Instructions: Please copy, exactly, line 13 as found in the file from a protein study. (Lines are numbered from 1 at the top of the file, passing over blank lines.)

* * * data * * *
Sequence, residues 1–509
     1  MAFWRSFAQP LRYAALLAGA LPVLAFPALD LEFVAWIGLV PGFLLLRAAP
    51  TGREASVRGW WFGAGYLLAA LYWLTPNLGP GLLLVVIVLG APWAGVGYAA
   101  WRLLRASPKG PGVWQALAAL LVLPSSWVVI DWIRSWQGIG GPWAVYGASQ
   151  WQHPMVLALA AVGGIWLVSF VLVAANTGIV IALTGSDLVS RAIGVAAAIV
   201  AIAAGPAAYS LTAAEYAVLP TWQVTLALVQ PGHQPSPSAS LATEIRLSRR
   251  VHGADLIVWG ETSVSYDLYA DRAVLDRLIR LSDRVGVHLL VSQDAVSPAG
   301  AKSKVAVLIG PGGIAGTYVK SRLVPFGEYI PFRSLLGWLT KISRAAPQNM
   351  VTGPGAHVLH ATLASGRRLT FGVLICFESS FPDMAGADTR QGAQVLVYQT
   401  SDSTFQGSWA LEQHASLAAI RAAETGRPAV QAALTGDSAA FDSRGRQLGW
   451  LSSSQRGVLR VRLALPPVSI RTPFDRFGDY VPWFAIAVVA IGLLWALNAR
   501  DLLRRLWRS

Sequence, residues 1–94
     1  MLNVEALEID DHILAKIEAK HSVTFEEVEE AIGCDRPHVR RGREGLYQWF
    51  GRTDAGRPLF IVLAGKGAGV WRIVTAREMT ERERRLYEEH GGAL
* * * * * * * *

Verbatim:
Sequence, residues 1–94